Verses 8-9 [7-8]

“Then I said: ‘See, I come!
In (the) roll of (the) account it is inscribed upon me:
to do your pleasure, my Mighty (One), (so do) I delight,
and your Instruction (is) in the middle of my (in)ner parts!'”

Again, the poetic style and rhythm in this verse feels rather forced and awkward. Metrically, we have a pair of 3+3 couplets (but only loosely so); conceptually, it might be better to view the verse as a 3-beat quatrain (3+3+3+3). The poetry is subservient to the religious message, which can be summarized as a confessional statement that characterizes the righteous.

The first two lines are preliminary to this statement, and their precise meaning is not entirely clear. The idea seems to be that the righteous person (the Psalmist) is committed to acting/behaving in accordance with his identity (as a righteous/ faithful one). Another possibility is that the afterlife is in view—that is, the promise of blessed life in heaven (with God) for the righteous. In this latter context, the declaration “See, I come” could refer to the Psalmist’s readiness to enter the blessed afterlife. The beatitude context of verse 5 [4] would tend to confirm this interpretation. In any case, the “roll of the account” refers to the accounting (or ‘book’) of a person’s deeds, etc, recorded by God in heaven, which will be used in the afterlife judgment-scene. At the same time, it reflects the ultimate destiny of the person (cf. Job 13:26, etc); for the righteous, this is equivalent to being written down in the ‘book of life’ (cf. Exod 32:32-33; Psalm 69:28; 139:16; Mal 3:16; Jubilees 30:19ff; Rev 3:5; 13:8; 21:27).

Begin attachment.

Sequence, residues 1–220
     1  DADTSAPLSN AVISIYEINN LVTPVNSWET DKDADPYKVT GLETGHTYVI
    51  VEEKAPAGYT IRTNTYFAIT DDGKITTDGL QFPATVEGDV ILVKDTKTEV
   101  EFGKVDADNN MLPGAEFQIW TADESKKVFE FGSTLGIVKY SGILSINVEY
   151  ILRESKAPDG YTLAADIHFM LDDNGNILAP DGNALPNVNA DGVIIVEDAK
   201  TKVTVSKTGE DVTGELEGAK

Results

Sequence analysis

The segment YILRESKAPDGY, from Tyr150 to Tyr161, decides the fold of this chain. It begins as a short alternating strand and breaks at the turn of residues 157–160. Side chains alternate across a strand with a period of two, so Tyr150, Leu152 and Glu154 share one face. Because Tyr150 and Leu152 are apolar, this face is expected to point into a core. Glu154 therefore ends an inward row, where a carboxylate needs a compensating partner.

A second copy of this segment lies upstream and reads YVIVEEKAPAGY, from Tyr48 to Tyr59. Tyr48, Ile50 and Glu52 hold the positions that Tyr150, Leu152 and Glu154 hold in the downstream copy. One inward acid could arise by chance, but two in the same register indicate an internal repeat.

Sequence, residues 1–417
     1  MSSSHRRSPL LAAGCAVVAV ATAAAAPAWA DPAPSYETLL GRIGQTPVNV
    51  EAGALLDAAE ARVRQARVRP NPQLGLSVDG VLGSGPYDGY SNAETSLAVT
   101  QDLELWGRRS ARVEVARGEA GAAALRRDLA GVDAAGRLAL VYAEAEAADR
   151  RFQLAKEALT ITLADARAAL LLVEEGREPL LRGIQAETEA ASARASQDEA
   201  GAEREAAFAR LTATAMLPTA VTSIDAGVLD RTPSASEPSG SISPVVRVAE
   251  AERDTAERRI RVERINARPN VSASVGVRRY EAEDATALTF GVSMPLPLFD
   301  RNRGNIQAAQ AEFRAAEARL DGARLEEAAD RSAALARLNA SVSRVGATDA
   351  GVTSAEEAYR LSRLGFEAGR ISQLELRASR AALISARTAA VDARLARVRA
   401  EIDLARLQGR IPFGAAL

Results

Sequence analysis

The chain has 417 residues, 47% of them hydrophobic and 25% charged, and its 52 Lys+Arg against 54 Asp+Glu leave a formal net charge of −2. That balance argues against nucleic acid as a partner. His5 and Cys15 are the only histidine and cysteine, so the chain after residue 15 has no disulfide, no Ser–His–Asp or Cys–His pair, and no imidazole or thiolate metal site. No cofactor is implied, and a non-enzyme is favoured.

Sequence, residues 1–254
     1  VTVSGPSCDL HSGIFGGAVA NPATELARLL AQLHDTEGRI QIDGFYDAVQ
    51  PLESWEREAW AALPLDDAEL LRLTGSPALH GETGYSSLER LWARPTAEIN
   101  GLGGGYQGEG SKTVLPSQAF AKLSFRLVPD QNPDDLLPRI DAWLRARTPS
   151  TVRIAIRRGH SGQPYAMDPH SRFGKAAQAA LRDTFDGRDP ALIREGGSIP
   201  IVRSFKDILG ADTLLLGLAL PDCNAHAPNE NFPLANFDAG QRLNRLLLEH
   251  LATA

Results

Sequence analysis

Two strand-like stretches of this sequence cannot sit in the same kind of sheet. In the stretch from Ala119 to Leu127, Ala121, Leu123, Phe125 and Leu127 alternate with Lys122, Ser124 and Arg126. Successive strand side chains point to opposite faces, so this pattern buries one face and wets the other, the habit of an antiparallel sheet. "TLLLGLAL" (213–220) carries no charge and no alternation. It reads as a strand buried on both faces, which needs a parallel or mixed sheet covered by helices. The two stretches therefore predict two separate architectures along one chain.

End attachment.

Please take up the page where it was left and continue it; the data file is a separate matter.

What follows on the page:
The last two lines record the confessional statement that defines the righteous. The destiny and purpose of the righteous is to do what pleases YHWH (or what He favors). The term /oxr* fundamentally refers to something that is received favorably, implying that a person finds pleasure in it and desires it, etc. In a religious and ethical context, it is used to express the will of God (i.e., what He desires that should be done). The delight (vb Jp@j*) of the righteous is to do God’s will, to do what pleases Him. And, what it is that pleases YHWH is stated clearly enough in the final line: it is to observe faithfully all of the precepts and regulations, etc, in the Instruction (hr*oT, Torah) that God has given to His people. Observance of the Torah is so much a part of the righteous person’s character and way of life that it resides deep within him (lit. “in the middle of my inner parts”).

Verse 10 [9]

“I have given the news of (your) justice in (the) assembly,
see! my lips have not refrained—
YHWH, you know (this)!”